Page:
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BETTER PROGNOSIS FOR EYES WITH PRESERVED FOVEAL DEPRESSION AFTER INTRAVITREAL RANIBIZUMAB INJECTION FOR MACULAR EDEMA SECONDARY TO CENTRAL RETINAL VEIN OCCLUSION

Kitagawa, Shuta, MD; Yasuda, Shunsuke, MD, PhD; Ito, Yasuki, MD, PhD; Ueno, Shinji, MD, PhD; Iwase, Takeshi, MD, PhD; Terasaki, Hiroko, MD, PhD

doi: 10.1097/IAE.0000000000001707
Original Study

Purpose: To determine the prognosis of eyes with central retinal vein occlusion that had a preserved foveal depression at the baseline and were treated by intravitreal ranibizumab injections (IRIs).

Methods: The authors reviewed the medical records of 23 eyes of 23 consecutive treatment-naive patients who received IRIs to treat the macular edema due to central retinal vein occlusion. Eyes were classified by the pre-IRI presence or absence of a foveal depression. A foveal depression was defined as a central foveal thickness that was <50 μm thinner than the average thickness at 200 μm temporal and nasal to the central fovea. The characteristics of the two groups were compared.

Results: Seven of 23 eyes had a preserved foveal depression before the IRI. The mean number of injections within 12 months after the initial IRI was significantly fewer (P < 0.001) in eyes with foveal depression (1.6 ± 0.5) than in eyes without foveal depression (4.3 ± 1.3). The mean best-corrected visual acuity at 12 months after the initial IRI was significantly better (P = 0.003) in eyes with foveal depression (0.10 ± 0.17 logarithm of the minimum angle of resolution [logMAR] units; 20/25 Snellen units) than in eyes without foveal depression (0.77 ± 0.54 logMAR units; 20/118 Snellen units).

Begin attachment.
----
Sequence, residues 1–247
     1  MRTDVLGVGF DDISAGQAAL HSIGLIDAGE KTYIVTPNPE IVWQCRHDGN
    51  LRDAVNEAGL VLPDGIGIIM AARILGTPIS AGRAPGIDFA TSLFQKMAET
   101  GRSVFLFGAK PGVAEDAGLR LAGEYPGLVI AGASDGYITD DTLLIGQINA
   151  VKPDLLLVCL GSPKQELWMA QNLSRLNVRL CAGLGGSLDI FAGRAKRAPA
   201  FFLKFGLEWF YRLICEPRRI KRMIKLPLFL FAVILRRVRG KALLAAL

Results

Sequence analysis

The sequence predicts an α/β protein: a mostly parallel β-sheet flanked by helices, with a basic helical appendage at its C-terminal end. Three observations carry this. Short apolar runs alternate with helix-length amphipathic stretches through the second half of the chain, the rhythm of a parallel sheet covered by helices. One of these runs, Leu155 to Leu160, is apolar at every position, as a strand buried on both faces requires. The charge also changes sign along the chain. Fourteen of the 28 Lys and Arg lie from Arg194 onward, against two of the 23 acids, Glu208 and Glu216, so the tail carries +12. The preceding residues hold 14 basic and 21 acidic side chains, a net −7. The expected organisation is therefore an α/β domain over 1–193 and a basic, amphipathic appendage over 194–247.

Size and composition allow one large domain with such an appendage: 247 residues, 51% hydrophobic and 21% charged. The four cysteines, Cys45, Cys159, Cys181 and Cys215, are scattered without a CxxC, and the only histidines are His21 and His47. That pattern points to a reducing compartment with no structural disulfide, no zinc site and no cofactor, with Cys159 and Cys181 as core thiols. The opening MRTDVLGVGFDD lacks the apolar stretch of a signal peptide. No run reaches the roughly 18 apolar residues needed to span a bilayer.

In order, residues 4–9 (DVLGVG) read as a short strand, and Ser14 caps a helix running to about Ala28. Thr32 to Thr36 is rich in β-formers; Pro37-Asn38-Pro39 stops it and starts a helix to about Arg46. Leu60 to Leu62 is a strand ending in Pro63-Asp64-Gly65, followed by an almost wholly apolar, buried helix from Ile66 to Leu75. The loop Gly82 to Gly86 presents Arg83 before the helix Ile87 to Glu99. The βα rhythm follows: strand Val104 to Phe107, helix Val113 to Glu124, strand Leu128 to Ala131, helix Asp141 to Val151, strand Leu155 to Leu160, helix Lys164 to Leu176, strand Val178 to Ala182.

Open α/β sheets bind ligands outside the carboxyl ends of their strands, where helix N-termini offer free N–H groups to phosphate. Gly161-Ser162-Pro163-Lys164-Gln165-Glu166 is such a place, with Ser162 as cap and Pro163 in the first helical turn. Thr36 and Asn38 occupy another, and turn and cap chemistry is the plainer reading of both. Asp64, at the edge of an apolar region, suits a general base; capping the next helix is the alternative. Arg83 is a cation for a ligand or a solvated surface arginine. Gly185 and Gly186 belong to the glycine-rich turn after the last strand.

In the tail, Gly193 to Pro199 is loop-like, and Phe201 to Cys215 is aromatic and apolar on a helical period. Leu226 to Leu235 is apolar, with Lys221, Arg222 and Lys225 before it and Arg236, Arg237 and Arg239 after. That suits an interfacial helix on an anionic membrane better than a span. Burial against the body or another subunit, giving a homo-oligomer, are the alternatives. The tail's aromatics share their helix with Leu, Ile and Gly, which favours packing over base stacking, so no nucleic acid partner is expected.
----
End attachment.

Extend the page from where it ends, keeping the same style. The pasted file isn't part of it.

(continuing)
Conclusion: These results indicate that the prognosis is better for eyes with a foveal depression before the IRI treatment for a macular edema secondary to central retinal vein occlusion.

This study analyzed the prognosis of eyes with central retinal vein occlusion and preserved foveal depression at baseline that were treated by ranibizumab injection. The authors’ results add further evidence that cases with thinner baseline central retinal thickness accompanied by a foveal depression might have a good prognosis with fewer injections.

Department of Ophthalmology, Nagoya University Graduate School of Medicine, Nagoya, Japan.

Reprint requests: Shunsuke Yasuda, MD, PhD, Department of Ophthalmology, Nagoya University Graduate School of Medicine, 65 Tsuruma-cho, Showa-ku, Nagoya 466-8550, Japan; e-mail: s.yasuda@med.nagoya-u.ac.jp

Supported by JSPS KAKENHI Grant numbers 26861444, and 26462635.

None of the authors has any conflicting interests to disclose.

© 2018 by Ophthalmic Communications Society, Inc.